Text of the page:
There isn't any single Thailand packing list that is perfect for everyone. Varied budgets, destinations, trip durations, and travel styles create different packing situations.
No matter your style, bringing too much is a sure way to put a damper on the trip. Avoid blowing your funds on useless travel gadgets and use this list to get your head thinking in the right direction!
To Bring or Buy Local?
More than likely, you'll be arriving in Bangkok -- land of great shopping and cheap fakes. If you're willing to spend your first day or two on a mission in the city, you'll find great deals on personal items such as sunglasses, shoes, and other things you'll need on your trip.
Rather than risk losing or breaking your expensive brand-named items from home, you could opt to help out the local economy and have a little fun in the markets.
That being said, you'll still want to consider bringing these items to Asia with you from home.
- Get an edge by learning how to negotiate prices before going.
What Types of Clothing for Thailand?
Thailand is either warm or scorching hot, depending on what time of the year you visit; you'll rarely have to worry about being cold -- short-sleeved shirts and warm-weather clothing will suffice. Jeans are both heavy and dry slowly, best to leave them at home!
If you're on an extended trip, you'll find cheap laundry service everywhere. Laundry is typically charged by the weight -- another good reason not to pack jeans -- and is line dried.
- Bring One Jacket or Fleece: Long-haul transportation such as night buses and trains crank up the air conditioning. You'll definitely be glad you brought something warm when you see frost start to form on the windows! A thin rain jacket will also come in handy for unexpected showers that can pop up even during the dry season.
- Bring Conservative Clothing: Although temples in tourist areas are increasingly more lax, you can show respect by covering your shoulders and by wearing long pants when visiting sacred places. Avoid shirts with offensive images or messages. Read more about temple etiquette in Thailand.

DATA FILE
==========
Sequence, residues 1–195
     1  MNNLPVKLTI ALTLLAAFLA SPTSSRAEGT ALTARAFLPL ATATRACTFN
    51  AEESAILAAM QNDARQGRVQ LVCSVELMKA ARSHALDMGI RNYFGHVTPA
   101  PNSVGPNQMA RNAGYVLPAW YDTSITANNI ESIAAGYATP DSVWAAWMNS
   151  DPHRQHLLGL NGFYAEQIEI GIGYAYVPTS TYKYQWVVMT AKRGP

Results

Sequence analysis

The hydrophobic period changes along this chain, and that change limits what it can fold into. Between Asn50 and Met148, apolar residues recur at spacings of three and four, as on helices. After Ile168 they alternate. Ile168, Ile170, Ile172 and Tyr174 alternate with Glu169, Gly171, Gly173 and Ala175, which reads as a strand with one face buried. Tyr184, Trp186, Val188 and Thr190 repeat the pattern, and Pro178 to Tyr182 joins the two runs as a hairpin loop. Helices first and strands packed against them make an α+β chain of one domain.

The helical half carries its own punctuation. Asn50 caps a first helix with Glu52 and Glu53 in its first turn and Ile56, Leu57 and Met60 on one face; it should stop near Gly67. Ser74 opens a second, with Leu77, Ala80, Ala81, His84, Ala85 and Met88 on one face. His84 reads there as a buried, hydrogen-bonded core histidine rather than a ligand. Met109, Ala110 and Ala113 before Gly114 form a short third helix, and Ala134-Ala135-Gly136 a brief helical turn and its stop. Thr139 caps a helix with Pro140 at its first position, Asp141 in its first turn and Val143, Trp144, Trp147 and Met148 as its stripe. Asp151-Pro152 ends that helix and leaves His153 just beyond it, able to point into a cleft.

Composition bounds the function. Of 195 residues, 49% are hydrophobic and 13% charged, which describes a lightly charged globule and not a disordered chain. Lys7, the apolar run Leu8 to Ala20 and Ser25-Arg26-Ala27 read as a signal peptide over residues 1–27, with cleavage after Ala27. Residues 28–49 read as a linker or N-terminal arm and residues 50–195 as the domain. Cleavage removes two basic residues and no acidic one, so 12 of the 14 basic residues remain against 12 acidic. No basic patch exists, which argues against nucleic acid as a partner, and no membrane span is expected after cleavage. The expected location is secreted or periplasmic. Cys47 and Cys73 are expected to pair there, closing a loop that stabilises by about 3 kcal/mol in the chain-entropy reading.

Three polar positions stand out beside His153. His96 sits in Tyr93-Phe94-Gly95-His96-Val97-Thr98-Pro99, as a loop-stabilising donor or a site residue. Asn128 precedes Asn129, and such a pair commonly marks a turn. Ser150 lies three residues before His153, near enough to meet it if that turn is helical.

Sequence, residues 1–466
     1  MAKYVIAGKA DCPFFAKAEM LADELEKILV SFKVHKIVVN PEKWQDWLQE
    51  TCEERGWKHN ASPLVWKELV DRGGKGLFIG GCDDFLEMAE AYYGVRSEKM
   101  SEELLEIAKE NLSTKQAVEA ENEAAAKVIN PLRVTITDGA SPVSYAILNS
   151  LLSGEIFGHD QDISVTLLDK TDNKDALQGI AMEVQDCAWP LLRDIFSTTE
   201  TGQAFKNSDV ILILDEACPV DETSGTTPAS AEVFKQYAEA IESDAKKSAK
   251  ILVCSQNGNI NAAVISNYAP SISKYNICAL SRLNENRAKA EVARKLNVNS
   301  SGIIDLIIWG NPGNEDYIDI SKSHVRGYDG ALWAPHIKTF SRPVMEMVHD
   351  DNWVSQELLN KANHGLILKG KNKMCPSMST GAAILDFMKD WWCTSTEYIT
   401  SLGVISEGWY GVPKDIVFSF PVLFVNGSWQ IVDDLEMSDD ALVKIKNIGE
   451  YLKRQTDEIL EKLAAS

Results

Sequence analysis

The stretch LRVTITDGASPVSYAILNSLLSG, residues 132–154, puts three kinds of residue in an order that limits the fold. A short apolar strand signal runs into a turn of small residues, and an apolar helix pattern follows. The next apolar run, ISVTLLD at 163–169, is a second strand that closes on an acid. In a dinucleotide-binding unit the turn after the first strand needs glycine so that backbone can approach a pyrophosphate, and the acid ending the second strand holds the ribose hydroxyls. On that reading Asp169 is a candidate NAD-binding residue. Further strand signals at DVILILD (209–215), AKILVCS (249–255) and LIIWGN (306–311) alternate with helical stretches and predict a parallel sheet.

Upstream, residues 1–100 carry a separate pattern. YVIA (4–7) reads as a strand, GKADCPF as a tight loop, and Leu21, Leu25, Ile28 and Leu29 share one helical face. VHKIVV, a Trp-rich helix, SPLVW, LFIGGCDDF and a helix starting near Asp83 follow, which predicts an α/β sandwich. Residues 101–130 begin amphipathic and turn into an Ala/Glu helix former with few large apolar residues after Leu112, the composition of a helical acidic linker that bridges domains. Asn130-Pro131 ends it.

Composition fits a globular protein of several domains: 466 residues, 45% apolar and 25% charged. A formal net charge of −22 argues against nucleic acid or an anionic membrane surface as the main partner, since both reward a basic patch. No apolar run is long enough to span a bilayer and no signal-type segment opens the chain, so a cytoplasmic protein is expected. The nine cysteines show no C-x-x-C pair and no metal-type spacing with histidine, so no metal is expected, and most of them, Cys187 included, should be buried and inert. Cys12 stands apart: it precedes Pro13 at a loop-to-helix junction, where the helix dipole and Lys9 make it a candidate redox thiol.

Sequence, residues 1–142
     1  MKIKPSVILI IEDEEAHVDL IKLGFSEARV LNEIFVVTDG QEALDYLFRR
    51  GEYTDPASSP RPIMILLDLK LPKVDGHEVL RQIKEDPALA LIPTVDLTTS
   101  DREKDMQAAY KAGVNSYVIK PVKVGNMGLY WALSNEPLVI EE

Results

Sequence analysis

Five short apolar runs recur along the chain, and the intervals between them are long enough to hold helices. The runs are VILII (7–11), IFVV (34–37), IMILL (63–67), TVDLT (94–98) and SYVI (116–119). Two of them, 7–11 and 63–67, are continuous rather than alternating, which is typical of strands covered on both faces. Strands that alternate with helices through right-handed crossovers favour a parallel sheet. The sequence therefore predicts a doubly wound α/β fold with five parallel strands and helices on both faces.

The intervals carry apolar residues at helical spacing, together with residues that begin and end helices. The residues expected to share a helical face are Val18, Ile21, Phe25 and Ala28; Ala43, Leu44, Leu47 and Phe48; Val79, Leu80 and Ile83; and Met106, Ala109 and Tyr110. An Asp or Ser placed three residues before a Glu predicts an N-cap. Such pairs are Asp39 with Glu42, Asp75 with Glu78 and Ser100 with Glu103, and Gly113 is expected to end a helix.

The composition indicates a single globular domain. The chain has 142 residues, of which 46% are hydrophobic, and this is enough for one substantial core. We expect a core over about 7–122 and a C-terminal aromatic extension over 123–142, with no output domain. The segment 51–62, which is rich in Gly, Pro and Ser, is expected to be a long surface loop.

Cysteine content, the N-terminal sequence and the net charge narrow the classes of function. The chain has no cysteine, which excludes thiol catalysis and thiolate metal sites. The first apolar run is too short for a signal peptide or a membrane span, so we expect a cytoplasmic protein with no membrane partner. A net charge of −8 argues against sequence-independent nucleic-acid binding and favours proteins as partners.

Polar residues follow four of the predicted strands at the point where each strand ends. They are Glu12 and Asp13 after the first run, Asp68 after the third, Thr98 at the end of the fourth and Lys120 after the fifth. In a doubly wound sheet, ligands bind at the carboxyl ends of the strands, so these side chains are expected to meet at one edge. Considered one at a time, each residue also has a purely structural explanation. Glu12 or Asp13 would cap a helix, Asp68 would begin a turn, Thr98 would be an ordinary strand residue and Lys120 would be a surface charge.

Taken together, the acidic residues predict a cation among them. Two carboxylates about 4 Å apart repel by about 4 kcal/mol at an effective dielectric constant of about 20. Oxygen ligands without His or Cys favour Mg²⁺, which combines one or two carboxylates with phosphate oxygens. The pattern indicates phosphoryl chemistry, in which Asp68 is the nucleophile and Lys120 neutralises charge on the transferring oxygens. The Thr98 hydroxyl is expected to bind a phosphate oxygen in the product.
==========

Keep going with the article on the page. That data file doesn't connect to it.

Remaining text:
- Pack Less Clothing: You really do not need as much in Thailand. Packing less leaves suitcase room for local shirts and wearables that can't be purchased at home. Finding tall or broad sizes can sometimes be a challenge in markets that cater to Asian body sizes.
Shoes for Thailand
Leave those heavy shoes and high heels at home: The default footwear in Thailand is the ever-useful pair of flip-flop sandals. You'll find plenty of cheap sandals on offer in Thailand, but they may only last for the duration of your trip. If you plan on doing some trekking, bring a pair of hiking sandals or lightweight hiking shoes.
You'll be expected to leave your shoes outside of temples as well as some restaurants, shops, and bars. Sandals without straps are easier to get on and off quickly. Expensive sandals that stand out in the shoe pile have a greater chance of mysteriously walking away while you're inside.
- Read more about what shoes to pack for Asia.
Packing First Aid
You can walk into any pharmacy in Thailand and purchase what you need -- including under-the-counter medication -- without a prescription. Brands and names may be different, so if you depend on prescription medication, bring enough with you for the trip.
- See this first aid packing list for Asia.
Travel Documents and Money
Make photocopies of your passport, travel insurance documents, receipt for traveler's checks, and any other important documents; keep them in a separate place outside of your money belt. Bring extra passport photos with you for visa applications if you intend to visit neighboring countries such as Laos or Cambodia.